The aim and design which every worthy preacher proposes in addressing himself to Christians, is to persuade them, in order to incline them to virtue, and to give them an abhorrence to vice; but all do not einploy the necessary means to those great ends, nor

mæ substiterint? Unde te in medium tam secura observatio artium miserit? Non ab exordio usque ad ultimam vocem continuus quidam ge. mitus,& idem tristitiæ vultus servabitur?... Commoveaturne quisquam ejus fortuna, quem tumidum

ac sui jactantem, & ambitiosum institorem eloquentiæ in ancipiti sorte videat? Non imò oderit rerum verba aucupantem, & anxium de famâ ingenii, & cui esse diserto vacet. Quint. 1. 11. c. I.


study to speak in a persuasive manner. It is this forms the difference between good and bad preachers. [r] The latter, says St. Austin, preach in a gross, disagreeable and cold manner, obtuse, deformiter, frigide; the former with ingenuity, beauty, and strength, acutè, ornatè, vehementer.

The salvation of most Christians, as well as their faith, depend on the word; but this word must be treated with art and skill, in order that the minds of people may be prepared to receive it. The ornament of speech is one of the means conducive to this purpose, and the reason of it is very plain; viz. the auditor must not only hear what is spoke, but hear it willingly: [y] volumus non solùm intelligenter, verùm etiam libenter audiri. Now how can he hear it willingly, unless he is induced by pleasure? [z] Quis tenetur ut audiat, si non delectetur?... [a] Quis eum (oratorem) velit audire, nisi auditorem nonnullà etiam suavitate detineat?"Who can bear to hear an orator, if he be not allured with something sweet and pleasant?" But this ornament of speech is not incompatible with simplicity; for this simplicity must not be gross, tedious, and distasteful: [b] Nolumus fastidiri etiam quod submisse dicimus. There is a medium between a far-fetched, florid, luminous; and a low, grovelling, careless style: and it is the medium between these that suits the preacher. [c] Illa quoque eloquentia generis temperati apud eloquentem ecclesiasticum, nec inornata relinquitur, nec indecenter or


Christians would know much more than they do, were they to frequent regularly their parish churches, which they are more indispensably obliged to do than is generally imagined; and were sermons written and delivered as they ought to be, which is a duty no less incumbent on the preacher. What affliction, what grief must those feel, who have some idea of the importance of this ministry, to see their churches gene

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rally empty, or very thin; especially if they are conscious that it is their cold, languid, tiresome, and often long-winded manner of speaking, which prevents their parishioners from coming to hear them? Hereby they are wanting in the most important duty of their function; they deceive the expectation of their hearers, who run eagerly in order to supply their necessities, but are obliged to return empty. They degrade the word of God by their careless delivery, and cause it to be looked upon with contempt and distaste. They dishonour the Divine Majesty, whose [d] embassadors they are; and they do not consider, that, should the envoy of an earthly monarch behave in this manner, he would be justly looked upon by his sovereign as a prevaricator.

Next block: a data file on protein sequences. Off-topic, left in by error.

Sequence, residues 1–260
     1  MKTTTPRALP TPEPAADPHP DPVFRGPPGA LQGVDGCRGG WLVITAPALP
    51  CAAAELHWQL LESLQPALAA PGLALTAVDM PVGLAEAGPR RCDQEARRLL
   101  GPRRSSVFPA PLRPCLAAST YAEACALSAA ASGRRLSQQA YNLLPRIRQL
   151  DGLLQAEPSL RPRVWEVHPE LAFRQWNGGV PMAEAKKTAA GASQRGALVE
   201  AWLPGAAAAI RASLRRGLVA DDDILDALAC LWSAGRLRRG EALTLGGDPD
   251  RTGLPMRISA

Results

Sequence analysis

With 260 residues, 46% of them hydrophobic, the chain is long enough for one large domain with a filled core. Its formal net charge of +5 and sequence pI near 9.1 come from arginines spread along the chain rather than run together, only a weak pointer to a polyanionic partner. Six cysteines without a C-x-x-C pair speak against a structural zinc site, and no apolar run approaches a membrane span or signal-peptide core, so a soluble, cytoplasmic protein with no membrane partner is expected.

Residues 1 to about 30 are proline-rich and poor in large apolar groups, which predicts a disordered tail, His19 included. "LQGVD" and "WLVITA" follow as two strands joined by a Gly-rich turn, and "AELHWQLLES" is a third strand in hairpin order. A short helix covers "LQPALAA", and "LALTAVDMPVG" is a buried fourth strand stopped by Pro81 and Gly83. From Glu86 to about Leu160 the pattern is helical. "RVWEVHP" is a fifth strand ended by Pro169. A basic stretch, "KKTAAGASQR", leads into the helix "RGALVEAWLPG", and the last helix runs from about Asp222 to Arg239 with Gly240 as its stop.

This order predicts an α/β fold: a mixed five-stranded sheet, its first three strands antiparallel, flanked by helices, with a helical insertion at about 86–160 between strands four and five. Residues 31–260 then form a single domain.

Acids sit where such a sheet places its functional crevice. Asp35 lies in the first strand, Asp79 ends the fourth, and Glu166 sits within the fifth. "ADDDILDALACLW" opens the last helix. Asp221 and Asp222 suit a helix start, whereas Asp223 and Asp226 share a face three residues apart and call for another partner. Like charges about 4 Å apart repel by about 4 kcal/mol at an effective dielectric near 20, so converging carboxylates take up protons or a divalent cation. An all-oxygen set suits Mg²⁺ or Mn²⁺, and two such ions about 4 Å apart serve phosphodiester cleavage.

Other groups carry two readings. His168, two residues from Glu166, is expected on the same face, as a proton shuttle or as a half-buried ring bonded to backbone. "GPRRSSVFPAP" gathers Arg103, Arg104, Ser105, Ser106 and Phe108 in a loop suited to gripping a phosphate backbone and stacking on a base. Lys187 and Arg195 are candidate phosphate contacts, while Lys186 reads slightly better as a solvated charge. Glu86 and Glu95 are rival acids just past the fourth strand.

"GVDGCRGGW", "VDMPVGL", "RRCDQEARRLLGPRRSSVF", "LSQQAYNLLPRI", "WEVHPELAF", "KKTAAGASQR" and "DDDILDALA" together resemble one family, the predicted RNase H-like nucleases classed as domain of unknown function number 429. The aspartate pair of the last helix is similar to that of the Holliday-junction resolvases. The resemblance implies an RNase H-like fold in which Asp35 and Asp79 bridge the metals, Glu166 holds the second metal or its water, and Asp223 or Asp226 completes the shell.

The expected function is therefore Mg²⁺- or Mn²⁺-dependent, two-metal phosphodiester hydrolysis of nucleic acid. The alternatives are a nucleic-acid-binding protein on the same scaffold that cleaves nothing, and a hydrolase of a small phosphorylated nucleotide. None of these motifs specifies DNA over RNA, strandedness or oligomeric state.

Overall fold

They are far from observing the conduct of that Greek orator, who never spoke in public till he had duly prepared himself for it; and besought the gods before he came out of his house, not to suffer one word to fall from him unworthy of his auditors: or of that Roman orator, who though so eminent, declares, [e] that he never pleaded any cause, till after he had taken all the pains requisite for that purpose. I dare not translate the words which Quintilian [f] levels against that lawyer, who should be wanting in this duty, so essential to his profession; but which is much more so to that of a minister of the word of God, on which the salvation of his hearers depends.

I am sensible, 'that the multitude of affairs, in which such pastors as are careful of their duty must be engaged, allow them but very little time to prepare their sermons. But we are not here treating of pieces of Eloquence, laboured and polished with the utmost care; which require long application, and consequently complete leisure. The preacher, who, [d] Legatione fungimur.

* Pericles.

[e] Ad illam causaram operam nunquam nisi paratus & meditatus accedo. Cic. 1. 1. de Leg. n. 12.

[] Afferet ad dicendum curæ

semper quantum plurimum poterit Neque enim solùm negligentis, sed & mali, & in susceptà causâ perfidi, ac proditoris est, pejùs agere quàm possit. Quint. 1, 12. c. 9.